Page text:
nobody in NYS calls a stream a "kill". the Dutch did, a few hundred years back, and the names stuck. but nobody says "i'm gonna go down to the kill and see if i can find some crayfish".

Here in Illinois, "run" was commonly used for very small streams in the early 19th Century, but that usage went by the wayside. Now, the runs in our area have been renamed creeks. "Brook" is no longer common here, except as the name for towns; Oak Brook comes to mind. In general, creeks are small streams, and rivers are larger ones. But historically, the usage blurs. The AuSable is called both a creek and a river, as is the Mazon, depending on which section is being referenced. I've always been sorry to see the word "run" disappear around these parts.

One sidelight on watercourse name usage: In May 1832, actual hostilities of the Black Hawk War began in northern Illinois when a battalion of drunken militia led by Maj. Isaiah Stillman attacked and was completely routed by a small group of Sauk and Fox warriors led by the Sauk warrior Black Hawk. Stillman's entire battalion of more than 200 men ran away, reportedly with Maj. Stillman in the lead. The battle took place along Old Man Creek, which the settlers renamed (with commendable frontier humor) Stillman's Run.

cleek:"nobody in NYS calls a stream a "kill". "

NYS isn't the only place that got some of that Dutch goodness.

Philadelphians call a local river "The Schuylkill", which probably doesn't count, but *should*.

Especially if one pronounces it something like "Skookle," which I am assured is the correct Fluhdelfian way.

I grew up in Southern California, where we didn't have any of these whatchamacallits under any name, except a few "arroyos" that were dry most of the time. (I actually lived for a while just off the aptly named "Arroyo Seco.") But I surmised "Run" was one of the terms for such mini-rivers from reading about the battle of Bull Run: correctly, it turns out!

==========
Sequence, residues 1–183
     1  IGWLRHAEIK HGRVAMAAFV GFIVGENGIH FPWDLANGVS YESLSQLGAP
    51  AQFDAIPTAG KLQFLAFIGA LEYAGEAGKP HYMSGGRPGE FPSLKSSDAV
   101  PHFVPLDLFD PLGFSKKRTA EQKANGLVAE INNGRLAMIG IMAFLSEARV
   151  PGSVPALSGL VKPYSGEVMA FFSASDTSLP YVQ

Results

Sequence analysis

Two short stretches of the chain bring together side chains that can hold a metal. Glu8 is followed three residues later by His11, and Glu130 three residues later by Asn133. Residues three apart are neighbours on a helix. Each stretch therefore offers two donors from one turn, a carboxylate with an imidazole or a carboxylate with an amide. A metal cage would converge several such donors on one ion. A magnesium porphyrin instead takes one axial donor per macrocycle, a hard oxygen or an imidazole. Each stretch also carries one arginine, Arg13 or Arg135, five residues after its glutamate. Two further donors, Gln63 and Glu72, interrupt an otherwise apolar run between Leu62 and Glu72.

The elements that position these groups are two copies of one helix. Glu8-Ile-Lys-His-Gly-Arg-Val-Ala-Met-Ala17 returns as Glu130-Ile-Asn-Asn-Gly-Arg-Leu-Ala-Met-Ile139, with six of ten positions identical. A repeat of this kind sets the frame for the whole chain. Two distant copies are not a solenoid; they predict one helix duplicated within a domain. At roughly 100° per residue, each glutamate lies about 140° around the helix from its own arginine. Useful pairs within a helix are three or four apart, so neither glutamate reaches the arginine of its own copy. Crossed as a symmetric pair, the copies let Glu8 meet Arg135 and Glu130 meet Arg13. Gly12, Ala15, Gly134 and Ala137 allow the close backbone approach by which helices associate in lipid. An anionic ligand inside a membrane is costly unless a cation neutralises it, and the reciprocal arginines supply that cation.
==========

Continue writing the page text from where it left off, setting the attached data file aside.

Fresh Kills is not remotely as alarming as it sounds.

I'd like to say more about George R. Stewart, especially since Earth Abides was the Book Of Honor at the past Potlatch sf convention, and there were some fascinating discussions of him, including by a biographer of him, but I'll leave with the note that I still remember the book fondly -- but haven't reread more than the first couple of chapters in decades -- and some of the younger readers thought it dates badly, so as in much, YMMV.

There's plenty at those links and you can skip the plot summary part of the Wikipedia entry on the book.

Interesting. I use stream and brook pretty much interchangeably, and I've lived in CT for all but ~9 months of my life. If forced to choose one, I'd go with stream.

I love the maps.

I grew up in urban Northern California, where water flows in concrete-lined "channels". Moving to the suburbs, we have "creeks" (which are usually lined with concrete or cobbles). In the Eastern Sierra Nevada, where Husband and I vacation, there are "creeks" and "rivers" that flow year-round, and "drainages" that run in the spring snowmelt.

This is fascinating. For the definitive Pacific Northwest explanation of "creek" vs. "crick," one has to go to Patrick McManus:


An excerpt:

"Creeks tend to be pristine. They meander regally through high mountain meadows, cascade down dainty waterfalls, pause in placid pools, ripple over beds of gleaming gravel and polished rock. They sparkle in the sunlight. Deer and poets sip from creeks, and images of eagles wheel upon the surface of their mirrored depths.

Cricks, on the other hand, shuffle through cow pastures, slog through beaver dams, gurgle through culverts, ooze through barnyards, sprawl under sagging bridges, and when not otherwise occupied, thrash fitfully on their beds of quicksand and clay. Cows should perhaps be credited with giving cricks their most pronounced characteristic. In deference to the young and the few ladies left in the world whose sensitivities might be offended, I forgo a detailed description of this characteristic. Let me say only that to a cow the whole universe is a bathroom, and it makes no exception for cricks. A single cow equipped only with determination and fairly good aim can in a matter of hours transform a perfectly good creek into a crick."


Well, I am just not going to even try and remember how many cricks I have slaked my thirst from.